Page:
i do not use things that have the potential of comming apart in one of my guns, and preenting it from running and functioning. from what i have seen they are gmmicks, and they are not worth having on a gun that you might have to use to defend your life or others. on a comp gun or race gun that is a totally different story if they give you a benifit on the comp circuit awesome. However in a comp your life isn't on the line.

noylj
September 17, 2010, 11:34 PM
Years ago I bought a used 1911 and found a Wilson shok-buff. Neat. Cleaned the gun and went to the range. Gun jammed up.
Gunsmith reported back that the Shok-Buff had split in two and jammed up the slide.
I have NEVER even THOUGHT about installing one.

Mad Magyar
September 18, 2010, 11:09 AM
Years ago I bought a used 1911 and found a Wilson shok-buff. Neat. Cleaned the gun and went to the range. Gun jammed up.
Gunsmith reported back that the Shok-Buff had split in two and jammed up the slide.
I have NEVER even THOUGHT about installing one.
I hate to prolong this thing, but: after the cleaning, did you give a thought about changing out the shok-buff or removing it? I read and see these pics of mangled buffs that appears like a dog chewed it and passed it out the other end...
Having used them on the range, I can tell you it takes many rds to get them in a deteriorated conditon. CHANGE THEM OUT! They come in multiple packs..
These stories (internet of course) of how they come apart or they do this & that to the pistol reminds me of the threads on "How Often Do You Clean Your Pistol?" "Oh yeah, I clean my pistol after 3 or 4 range sessions, no harm done"....to the meticulous "I clean and inspect my pistol after each range session, can't help myself". Anyone see my point?;)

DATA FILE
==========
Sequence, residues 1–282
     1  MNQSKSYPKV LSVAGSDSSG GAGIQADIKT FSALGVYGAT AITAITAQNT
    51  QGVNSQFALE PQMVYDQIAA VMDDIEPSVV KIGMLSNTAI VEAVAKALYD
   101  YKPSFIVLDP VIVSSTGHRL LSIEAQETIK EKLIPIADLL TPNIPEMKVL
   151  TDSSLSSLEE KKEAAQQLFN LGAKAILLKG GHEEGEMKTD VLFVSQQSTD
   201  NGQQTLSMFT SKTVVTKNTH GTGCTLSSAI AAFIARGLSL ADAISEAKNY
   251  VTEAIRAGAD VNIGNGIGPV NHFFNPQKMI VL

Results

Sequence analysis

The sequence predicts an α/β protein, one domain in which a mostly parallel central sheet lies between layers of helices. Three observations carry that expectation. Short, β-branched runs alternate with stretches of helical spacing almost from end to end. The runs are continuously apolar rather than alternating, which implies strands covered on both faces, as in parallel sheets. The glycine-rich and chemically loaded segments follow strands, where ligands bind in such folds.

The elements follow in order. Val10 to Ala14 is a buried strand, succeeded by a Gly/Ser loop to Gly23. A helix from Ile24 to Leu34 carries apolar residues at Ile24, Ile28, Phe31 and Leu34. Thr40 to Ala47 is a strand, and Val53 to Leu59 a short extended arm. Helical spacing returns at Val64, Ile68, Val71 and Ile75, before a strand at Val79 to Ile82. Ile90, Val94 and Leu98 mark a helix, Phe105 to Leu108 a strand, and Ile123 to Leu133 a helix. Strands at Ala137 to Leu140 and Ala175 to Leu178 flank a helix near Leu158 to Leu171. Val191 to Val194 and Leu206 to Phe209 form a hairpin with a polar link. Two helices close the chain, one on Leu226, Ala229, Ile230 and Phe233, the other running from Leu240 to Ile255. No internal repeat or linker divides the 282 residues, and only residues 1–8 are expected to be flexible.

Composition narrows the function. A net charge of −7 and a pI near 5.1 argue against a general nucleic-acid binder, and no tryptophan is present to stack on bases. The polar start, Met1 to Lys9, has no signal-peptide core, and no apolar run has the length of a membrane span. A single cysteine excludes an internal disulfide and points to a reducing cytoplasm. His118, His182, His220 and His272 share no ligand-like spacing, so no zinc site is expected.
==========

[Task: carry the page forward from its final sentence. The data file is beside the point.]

I'm not saying they are a god-send; but they have a specific purpose for those that want them...

taxiflyr
September 18, 2010, 12:00 PM
I do when i shoot alot, but for carry i would not they can break and pieces can become caught in a area to render the gun to not fire at least with the plastic type

Onward Allusion
September 18, 2010, 12:37 PM
I've used them on different pistol types, including 1911's and they have all caused jams. Complete waste of money as far as I'm concerned. Would be deadly in a SD/HD pistol.

Prion (http://www.thehighroad.org/member.php?u=82582)
Recoil Buffers-Use Them?

ScratchnDent
September 18, 2010, 01:49 PM
It is naive to think that engineers didn't include something just because they didn't think it was right or necessary. There are many other reasons why they might not include something that would otherwise be useful, not the least of which is budget.


Well, I have a hard time believing that budget constraints would preclude the use of $2 worth of molded urethane in a several hundred dollar firearm, if the buffers would significantly extend the life of the firearm or reduce warranty claims. I think they would find somewhere else in the manufacturing process to cut that small of a corner.

Ben86
September 18, 2010, 11:31 PM
Well, I have a hard time believing that budget constraints would preclude the use of $2 worth of molded urethane in a several hundred dollar firearm, if the buffers would significantly extend the life of the firearm or reduce warranty claims. I think they would find somewhere else in the manufacturing process to cut that small of a corner.

I wasn't referring to buffers specifically.

swinokur
September 18, 2010, 11:40 PM
I would highly recommend against using them in a handgun you would consider for defensive uses. Their failure would tie up the action of the gun and their presence interferes with general feeding. If your gun is just a range toy, have at it, but please remove them from a defensive handgun.

Exactly. Not in a SD weapon. I had one disintegrate at the range and completely jam my Kimber. never again. When they were installed, I could not slingshot my slide.

Someone said they are good for separating you from your money. I agree.